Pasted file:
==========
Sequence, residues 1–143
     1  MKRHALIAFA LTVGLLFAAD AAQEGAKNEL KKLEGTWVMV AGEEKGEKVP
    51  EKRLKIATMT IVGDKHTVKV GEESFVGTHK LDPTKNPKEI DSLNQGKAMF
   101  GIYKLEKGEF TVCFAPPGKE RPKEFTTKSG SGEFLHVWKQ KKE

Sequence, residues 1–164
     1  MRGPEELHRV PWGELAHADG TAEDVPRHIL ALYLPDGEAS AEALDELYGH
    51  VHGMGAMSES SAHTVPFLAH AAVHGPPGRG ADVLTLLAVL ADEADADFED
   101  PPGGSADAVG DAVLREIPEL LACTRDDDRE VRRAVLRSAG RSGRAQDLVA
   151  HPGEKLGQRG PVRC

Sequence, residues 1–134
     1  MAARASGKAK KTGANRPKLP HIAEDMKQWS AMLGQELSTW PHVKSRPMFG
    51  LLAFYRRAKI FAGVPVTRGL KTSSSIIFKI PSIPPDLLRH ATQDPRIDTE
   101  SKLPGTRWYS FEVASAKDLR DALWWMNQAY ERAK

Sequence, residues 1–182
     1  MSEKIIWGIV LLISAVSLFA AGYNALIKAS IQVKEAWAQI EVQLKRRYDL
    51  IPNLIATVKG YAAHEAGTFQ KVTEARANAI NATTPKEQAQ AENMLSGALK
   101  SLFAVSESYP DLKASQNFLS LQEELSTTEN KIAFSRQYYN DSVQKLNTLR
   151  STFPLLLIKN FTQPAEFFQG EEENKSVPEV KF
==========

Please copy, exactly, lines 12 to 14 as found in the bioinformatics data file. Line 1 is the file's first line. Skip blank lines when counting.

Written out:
    51  LLAFYRRAKI FAGVPVTRGL KTSSSIIFKI PSIPPDLLRH ATQDPRIDTE
   101  SKLPGTRWYS FEVASAKDLR DALWWMNQAY ERAK

Sequence, residues 1–182